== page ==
Moscow region: In the summer of 1990 the Dormition parish in the village of Valishchevo was registered with the local soviet. For a whole year parishioners had appealed to Metropolitan Juvenaly for a priest--and were met with silence. They then turned to Bishop Lazarus, who appointed the popular Moscow priest, Fr. Alexey Averyanov, rector of the community. On December 9 Bishop Lazarus, assisted by Fr. Alexey and Priest Victor Usachev, served Divine Liturgy in the Dormition church. At the Hours, Priest Nikolai Pattln from Diveyevo related his spiritual journey. He described how at the Moscow Theological Seminary, the assistant inspector demanded that he inform on his fellow classmates. Fr. Nicholas was then received into the FROC. Shortly thereafter, the chapel outside the walls of St. Seraphim's convent, where Fr. Nicholas served, was seized by agents of the MP. Now Fr. Nicholas serves in his two-room house, where he lives with his matushka and three children.

      On February 15, the head of the regional committee announced that at the end of 1990 a decision had been made to turn over all churches in the region--which would include the Dormition church-to the Moscow Patriarchate. The deputy chairman of the Moscow regional executive committee, L. Novikova, stated that this decision was illegal and could only be explained by "the inexperience of local authorities." The situation is still unclear.

      In Golochetovo, Fr. Victor Usachev and his parish came into the jurisdiction of the FROC. On October 7, Bishop Gregory of Mozhaisk and Archpriest Alexander Ganiba of the Moscow Patriarchate pushed their way noisily into the church, kicked out Fr. Victor, and proceeded to serve a second liturgy on the same altar,

      Sebastopol: On October 4, after the entire parish of the St. Nicholas Church, headed by its rector, Priest George Kokhno, had announced that they had joined the FROC, their church was seized by priests of the Moscow Patriarchate. On the night of October 25, members of the community locked themselves into the church and announced a hunger strike in protest. Fr. George is now serving at home.

      Tomsk: a community of the FROC was denied registration. The chairman for religious affairs motivated the refusal by saying, "From abroad you'll be asked to engage in espionage activities."

      Suzdal: In October, Archirnandrite Valentine attended a meeting of the Bishops Council of the ROCA and gave a report about the situation in those parishes affiliated with the FROC. A decision was made to establish on the territory of Russia a diocesan administration and to appoint Fr. Valentin Exarch of the ROCA in Russia.

      On February 10, the day of the New Martyrs of Russia, at the church of St. Job the Much-Suffering in Brussels, Archimandrite Valentine was consecrated to the episcopacy in a service celebrated by Archbishops Anthony of Geneva and Mark of Germany, Bishop Barnabas of Cannes and Bishop Gregory. Returning to Russia, the new bishop was met at the airport in Moscow by reporters who asked about his immediate plans. His reply: "If you are a Christian, you should know that the most important thing in the life of a Christian is prayer. Not antagonism, not politics, not mutual calumny--this is not our aim. Rather, it is prayer. And then the Lord Himself will guide us and help us. Let people judge our Church not by arguments and quarrels but by our deeds. As for any plans----God knows what tomorrow will bring." Ye shall know them by their fruits.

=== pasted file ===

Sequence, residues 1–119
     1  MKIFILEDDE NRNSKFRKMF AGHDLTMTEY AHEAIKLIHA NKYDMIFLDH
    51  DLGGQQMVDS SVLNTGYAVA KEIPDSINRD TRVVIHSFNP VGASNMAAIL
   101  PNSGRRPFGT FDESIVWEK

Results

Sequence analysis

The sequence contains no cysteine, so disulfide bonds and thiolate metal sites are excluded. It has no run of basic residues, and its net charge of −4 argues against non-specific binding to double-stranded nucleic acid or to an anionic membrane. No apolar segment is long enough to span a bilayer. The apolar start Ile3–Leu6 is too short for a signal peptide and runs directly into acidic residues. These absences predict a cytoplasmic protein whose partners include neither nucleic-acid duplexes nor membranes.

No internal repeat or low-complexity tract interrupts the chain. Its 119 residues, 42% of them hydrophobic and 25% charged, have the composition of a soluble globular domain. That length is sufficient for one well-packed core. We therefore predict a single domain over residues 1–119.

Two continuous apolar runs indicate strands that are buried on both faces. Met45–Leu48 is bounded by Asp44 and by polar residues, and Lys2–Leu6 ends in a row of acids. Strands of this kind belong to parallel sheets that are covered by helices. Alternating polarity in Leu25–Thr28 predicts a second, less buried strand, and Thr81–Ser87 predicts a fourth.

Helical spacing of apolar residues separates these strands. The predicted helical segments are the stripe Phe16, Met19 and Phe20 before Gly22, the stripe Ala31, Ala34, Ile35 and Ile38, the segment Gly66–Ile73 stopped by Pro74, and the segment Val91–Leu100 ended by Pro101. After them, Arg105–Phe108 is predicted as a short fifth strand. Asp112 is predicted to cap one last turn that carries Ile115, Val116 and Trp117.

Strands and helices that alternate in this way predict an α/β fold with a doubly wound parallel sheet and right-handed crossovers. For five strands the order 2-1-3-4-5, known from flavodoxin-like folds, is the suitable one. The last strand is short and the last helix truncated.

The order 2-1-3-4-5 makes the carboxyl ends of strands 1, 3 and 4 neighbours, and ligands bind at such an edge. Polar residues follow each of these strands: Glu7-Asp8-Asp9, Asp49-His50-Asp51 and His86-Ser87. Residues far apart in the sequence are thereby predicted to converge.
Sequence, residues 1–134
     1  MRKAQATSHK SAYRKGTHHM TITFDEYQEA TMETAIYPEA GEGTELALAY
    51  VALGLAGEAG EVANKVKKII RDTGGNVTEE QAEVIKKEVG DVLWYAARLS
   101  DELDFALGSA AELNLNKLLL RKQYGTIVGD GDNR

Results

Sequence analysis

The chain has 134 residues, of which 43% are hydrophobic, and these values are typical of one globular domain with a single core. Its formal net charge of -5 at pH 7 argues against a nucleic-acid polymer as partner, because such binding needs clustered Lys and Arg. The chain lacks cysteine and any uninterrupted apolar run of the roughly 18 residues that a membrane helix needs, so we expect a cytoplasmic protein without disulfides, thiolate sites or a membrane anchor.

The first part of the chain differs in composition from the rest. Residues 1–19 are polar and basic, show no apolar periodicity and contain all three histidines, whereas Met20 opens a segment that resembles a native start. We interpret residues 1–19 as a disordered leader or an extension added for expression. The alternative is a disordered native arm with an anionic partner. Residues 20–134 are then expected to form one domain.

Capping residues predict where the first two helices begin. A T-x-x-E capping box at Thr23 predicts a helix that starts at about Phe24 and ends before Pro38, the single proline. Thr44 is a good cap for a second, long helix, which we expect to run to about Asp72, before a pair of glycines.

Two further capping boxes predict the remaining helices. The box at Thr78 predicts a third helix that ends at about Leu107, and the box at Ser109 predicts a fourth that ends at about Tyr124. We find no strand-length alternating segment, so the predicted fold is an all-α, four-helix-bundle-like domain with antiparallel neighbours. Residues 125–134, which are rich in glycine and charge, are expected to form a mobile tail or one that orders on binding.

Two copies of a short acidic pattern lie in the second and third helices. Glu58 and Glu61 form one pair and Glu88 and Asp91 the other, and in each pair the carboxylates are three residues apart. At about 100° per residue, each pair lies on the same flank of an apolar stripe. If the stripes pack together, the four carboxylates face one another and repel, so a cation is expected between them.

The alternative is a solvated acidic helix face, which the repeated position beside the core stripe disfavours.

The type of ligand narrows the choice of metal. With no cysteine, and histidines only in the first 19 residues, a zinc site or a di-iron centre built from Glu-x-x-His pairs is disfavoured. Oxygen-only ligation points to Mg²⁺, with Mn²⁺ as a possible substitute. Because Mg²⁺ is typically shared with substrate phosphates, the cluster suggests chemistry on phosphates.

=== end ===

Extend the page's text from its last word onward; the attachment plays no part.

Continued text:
There are, of course, clergy within the Patriarchate who bear no such ill will towards the FROC. Priest Michael Ardov, for example, readily concedes that "those clergy who today are affiliating themselves with the Church Abroad are often among our best. They prefer a hierarchy which to a far lesser degree has been drawn into politics and hasn't compromised itself by trying to please a godless authority."

      For more than sixty years, ever since Metropolitan Sergius issued his Declaration in 1927, this deadly spirit of compromise wormed its way into the Moscow Patriarchate, until "sergianism", as it is called, has come to define the very identity of the MP. Metropolitan Vitaly, in his introduction to the Life of St. Basil of Kineshma, wrote that the greatest tragedy was that "the Declaration introduced into the Church an ungodly will," and that the only possible remedy was a heartfelt repentance. Indeed, a majority of clergy have cited the hopelessly corrupt nature of the MP as their reason for leaving.

      The experience of Abbot Evtihy is not atypical. This spring, at the invitation of Metropolitan Vitaly, Abbot Evtihy came to this country for a visit, While at Holy Trinity Monastery he gave an interview which forms the basis for the following account.

 

      Born in the western Siberian city of Ishim in 1955, he was a member of the komsomol and served a year in the army before obeying his grandfather's insistence that he enter seminary. Upon graduation in 1982 he was tonsured and ordained deacon; three months later he became a hieromonk and began serving in his native city. Well liked by his ruling hierarch, he was raised to the rank of abbot. To many, his situation was enviable,